Key areas for those with charity investment responsibilities
The synthesis of my charity research has been that understanding history is vital to interpreting the present and trying to plan for the future. Charity finance is no different and is the context to preparing a charity investment strategy.
Broadly speaking there are four sources of finance for charities: donations from the public, government funding, money from corporates and income generated by the charity itself from its assets. This last source is often described as the “equity” of the sector and as a total percentage it averages some 20% of the charity economy income.
The majority of this income derives from investment assets ranging from short term cash deposits to long term investments. Potentially there is now a fifth source emerging in the form of social finance, although this is still very much in its infancy.
Social finance or social investment has become blurred by some into traditional investment. Guidance from the Charity Commission (CC14) has been helpful in defining the difference between traditional and "programme related" investment.
In addition, research by my colleague Mark Salway on “demystifying the hype“ and more recently the launch of a social investment toolkit and guide have made it clearer that social finance is really a form of borrowing rather than a new asset class for charities.
Nonetheless certain bonds and charitable investments are starting to emerge. It is also clear that some charities are starting to use their reserves as investments to stimulate "impact" by lending on to other charities. Effectively their mission allows them to take on this risk and further grow their work. This form of social investment I believe is exciting and different.
For charitable foundations with endowments and for those with sizeable long term investments the key to success remains the effective use of traditional asset classes such as equities, bonds and alternatives as these are likely to be the mainstay of growth. What do those in the charity responsible for investments need to know? These are the key areas of focus:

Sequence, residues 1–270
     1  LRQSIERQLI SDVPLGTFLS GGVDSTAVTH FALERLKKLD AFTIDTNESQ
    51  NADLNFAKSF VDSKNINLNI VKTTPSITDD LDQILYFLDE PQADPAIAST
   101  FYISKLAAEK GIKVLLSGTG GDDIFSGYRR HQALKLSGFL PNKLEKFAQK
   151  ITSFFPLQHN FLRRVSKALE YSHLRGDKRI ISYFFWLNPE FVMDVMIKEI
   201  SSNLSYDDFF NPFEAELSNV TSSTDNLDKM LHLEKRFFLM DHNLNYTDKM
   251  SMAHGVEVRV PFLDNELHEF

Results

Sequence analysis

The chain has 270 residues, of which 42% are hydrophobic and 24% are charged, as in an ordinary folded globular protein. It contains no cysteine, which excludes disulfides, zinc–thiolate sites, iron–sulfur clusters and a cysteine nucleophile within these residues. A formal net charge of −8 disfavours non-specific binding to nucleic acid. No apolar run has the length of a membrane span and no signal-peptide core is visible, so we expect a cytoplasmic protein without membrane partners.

SETTING SUITABLE AND REALISTIC INVESTMENT OBJECTIVES AND ESTABLISHING A STRATEGY TO MEET THEM. It is important to ensure that the charity’s strategy is linked to its overall aims and objectives. Too often I have found that the investment policy has been written in isolation to what the charity is doing.
One issue might be ethical investment – ensuring the investment objectives are linked to the charities ethos. But it is also relevant to consider how the demands on the charity may evolve over time.
For example, an endowed charity in the medical field will probably find its costs rising more quickly than general inflation, so it may need to seek higher returns to ensure it maintains its effective giving capability. Endowment charities in particular must beware of adopting too cautious an approach to investment.
INVESTMENT RISK AND ITS RELEVANCE TO YOUR CHARITY. Are you an endowed grant making charity or are investments instead tied to a reserves policy? There is not a one size fits all approach to investment.
Rather, there must be a clear comprehension of what the investments are there to do and most importantly in what time frame. These factors will have a major bearing on what assets to hold and their respective risk profile. Also do not forget ethical and reputational risks.